death, christian, theism, atheism, atheist, fear,
It's the main difference between atheists and theists of any stripe, I think. Tell a Christian, for example, that you think death is the end, that there is nothing more, that people just cease to be at that point, and you're likely to end up getting a frothing-at-the-mouth lecture on heaven and hell. In fact, I suspect that there are a certain percentage of theists that don't really believe in supreme beings at all, but they're terrified at the idea of there being nothing after this.
It's almost impossible to express to someone that attached to the idea of an afterlife how not frightening atheists find the end to be. (Christians, btw, demand more heroic measures, and spend far more, in the last month of life than other groups*. I suspect this does not mean they don't believe in heaven, but rather that their belief in heaven is a symptom of their fear of death. I also don't think that atheists fear death less, but rather that people who fear death less are more likely to become atheists.)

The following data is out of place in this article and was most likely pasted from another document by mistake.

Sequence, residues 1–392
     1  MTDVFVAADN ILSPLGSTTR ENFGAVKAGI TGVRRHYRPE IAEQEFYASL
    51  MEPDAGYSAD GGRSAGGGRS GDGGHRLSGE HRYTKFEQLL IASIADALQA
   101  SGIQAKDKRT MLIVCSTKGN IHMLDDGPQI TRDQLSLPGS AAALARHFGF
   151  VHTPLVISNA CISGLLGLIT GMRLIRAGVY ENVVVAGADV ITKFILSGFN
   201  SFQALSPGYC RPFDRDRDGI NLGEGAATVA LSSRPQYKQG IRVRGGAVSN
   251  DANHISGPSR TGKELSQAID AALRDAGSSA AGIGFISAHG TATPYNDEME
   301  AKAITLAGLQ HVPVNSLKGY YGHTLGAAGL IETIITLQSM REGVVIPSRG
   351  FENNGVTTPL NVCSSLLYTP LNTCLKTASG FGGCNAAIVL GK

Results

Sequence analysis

Let me put it this way: Once you die, you're done. It's over. There's no more thinking, no more feeling, nothing. I know it's almost impossible to imagine nothing, but do you suppose a rock misses its family? Does your chair bemoan its fate as it gets moved about the room? Once you die, you're meat. Brisket doesn't complain.
I think people conflate the grief they feel at losing someone with what that someone might be feeling. Death is easy for the dead, it's hard on the living. Funerals aren't for dead people, dead people couldn't care less. Funerals are for the living, to help in their grieving. I am mystified at people that plan their own funerals, or demand this location or that song. I've always told my family to do whatever makes them feel better. I'll be dead, I won't be capable of caring. If they want to play country music, dress me up like a 70s disco queen and read the entire bible at the funeral, more power to 'em. I won't be there.
*wish I could find that link.